New Delhi: India on Thursday said it was outraged that a Pakistani judicial panel had recommended the release from house arrest of Hafiz Saeed, head of the Lashkar-e-Taiba (LeT) terrorist group and the man accused by India of being the mastermind of the 2008 Mumbai terror attack.

Saeed and four of his aides were put under house arrest in January for 90 days under local laws by the Punjab provincial government in Pakistan. Speculation was then rife that this was due to fears that the new Trump administration in the US would be acting tough against terrorism and states harbouring terrorists. Saeed’s detention was subsequently extended several times.

India says Saeed is the main plotter of the 2008 Mumbai attack in which 166 people were killed between 26-29 November.

In June 2014, Saeed’s Jamaat-ud-Dawah (JuD) was declared a foreign terrorist organization by the US. JuD is believed to be the front organization for the banned LeT. The US has also put a $10 million bounty on Saeed’s head.

On Wednesday, the Judicial Review Board of Pakistan’s Punjab province ordered Saeed’s release in the reported absence of any evidence from the Pakistan government to back its charge that Saeed was a threat to security.

India reacted sharply to the move, saying that it displayed Pakistan’s “lack of seriousness" in bringing to justice “perpetrators of heinous acts of terrorism, including by individuals and entities designated by the United Nations."

“It also appears to be an attempt by the Pakistani system to mainstream proscribed terrorists," Indian foreign ministry spokesman Raveesh Kumar said.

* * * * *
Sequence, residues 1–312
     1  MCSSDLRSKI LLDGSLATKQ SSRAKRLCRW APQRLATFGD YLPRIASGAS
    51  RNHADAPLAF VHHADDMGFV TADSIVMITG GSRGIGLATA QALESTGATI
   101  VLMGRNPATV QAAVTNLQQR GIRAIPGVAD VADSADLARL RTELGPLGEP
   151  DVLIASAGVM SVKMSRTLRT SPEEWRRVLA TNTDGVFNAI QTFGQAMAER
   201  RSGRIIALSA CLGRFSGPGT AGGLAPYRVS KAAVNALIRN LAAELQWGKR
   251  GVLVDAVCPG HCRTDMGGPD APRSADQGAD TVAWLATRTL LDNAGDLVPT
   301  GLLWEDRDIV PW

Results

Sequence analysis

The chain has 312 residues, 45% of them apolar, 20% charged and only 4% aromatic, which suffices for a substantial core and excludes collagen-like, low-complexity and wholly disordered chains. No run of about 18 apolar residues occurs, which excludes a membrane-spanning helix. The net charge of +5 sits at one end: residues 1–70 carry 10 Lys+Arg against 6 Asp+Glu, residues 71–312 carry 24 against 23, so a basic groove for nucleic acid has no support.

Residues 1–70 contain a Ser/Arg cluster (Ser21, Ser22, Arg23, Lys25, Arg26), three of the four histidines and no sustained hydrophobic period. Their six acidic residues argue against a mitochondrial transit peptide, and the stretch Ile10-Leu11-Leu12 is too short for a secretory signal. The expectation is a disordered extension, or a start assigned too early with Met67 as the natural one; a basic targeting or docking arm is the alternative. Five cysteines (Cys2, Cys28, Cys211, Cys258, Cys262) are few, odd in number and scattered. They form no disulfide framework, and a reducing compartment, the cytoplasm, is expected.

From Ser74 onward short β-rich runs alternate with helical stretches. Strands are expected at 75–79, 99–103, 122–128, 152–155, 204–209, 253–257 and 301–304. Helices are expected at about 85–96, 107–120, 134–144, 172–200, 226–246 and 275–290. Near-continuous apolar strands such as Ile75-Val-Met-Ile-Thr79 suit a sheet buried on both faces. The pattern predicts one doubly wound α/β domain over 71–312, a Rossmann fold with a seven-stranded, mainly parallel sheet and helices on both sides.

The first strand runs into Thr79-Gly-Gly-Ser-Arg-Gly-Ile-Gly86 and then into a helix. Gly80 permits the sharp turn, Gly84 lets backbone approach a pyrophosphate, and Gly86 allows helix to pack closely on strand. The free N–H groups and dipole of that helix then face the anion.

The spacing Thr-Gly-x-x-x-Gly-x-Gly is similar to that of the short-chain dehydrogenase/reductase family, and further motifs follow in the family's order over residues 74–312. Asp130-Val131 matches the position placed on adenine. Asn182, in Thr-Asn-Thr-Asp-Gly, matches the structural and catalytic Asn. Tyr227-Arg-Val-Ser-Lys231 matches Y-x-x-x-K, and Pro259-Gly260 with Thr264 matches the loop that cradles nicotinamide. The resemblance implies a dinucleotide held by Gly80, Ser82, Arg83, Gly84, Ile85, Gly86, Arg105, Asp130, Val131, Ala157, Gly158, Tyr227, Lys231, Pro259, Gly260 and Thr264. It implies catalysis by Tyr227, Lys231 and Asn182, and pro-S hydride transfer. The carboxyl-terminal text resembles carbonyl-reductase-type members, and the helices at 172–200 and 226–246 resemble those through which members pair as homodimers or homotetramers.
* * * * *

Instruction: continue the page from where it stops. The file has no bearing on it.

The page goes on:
Saeed, who Kumar described as the “prime organizer of the Mumbai terror attack in which many Indians and nationals of several other countries were killed", was also “responsible for unleashing numerous other terror attacks against Pakistan’s neighbours," he said.

“Pakistan has not changed its policy of shielding and supporting non-state actors and its true face is visible for all to see," Kumar said.

“It is the responsibility of the Pakistani government to fulfil its international obligations and take credible and effective action against terrorists like Hafiz Saeed. India, as indeed the entire international community, is outraged that a self-confessed and UN proscribed terrorist is being allowed to walk free and continue his evil agenda," he added.

In another development, Kumar said India has responded positively to an offer made by Pakistan to allow the wife of an alleged Indian spy jailed by Islamabad to visit him in prison. Kulbhushan Jadhav, a 46-year-old retired Indian Navy officer, was in April sentenced to death by Pakistan’s Field General Court Martial on charges of alleged “involvement in espionage and sabotage activities" against Pakistan.

He was arrested by Pakistani authorities last year and accused of aiding insurgents in Pakistan’s restive Balochistan province. The case is at present pending before the International Court of Justice.

Kumar said that in India’s response, New Delhi had “conveyed that the wife of Mr. Jadhav would like to travel along with her mother-in-law for the meeting."

“We have also sought sovereign guarantee from the government of Pakistan to ensure the safety, security and well-being of the wife and the mother of Mr. Jadhav and that they shall not be questioned, harassed or interrogated during their visit and stay in Pakistan," he said.

“We have further asked that a diplomat of the Indian High Commission in Islamabad shall be allowed to accompany them at all times, including during the meeting," Kumar said.

Enabling such a meeting however “does not absolve Pakistan of the violations of the Vienna Convention on Consular Relations and Human Rights and not following due process in treating Jadhav who remains incarcerated in Pakistan and faces death sentence through a farcical process and on concocted charges," he said.

India was “determined to pursue all measures with full vigour so as to secure the final release of an innocent Indian," he added.

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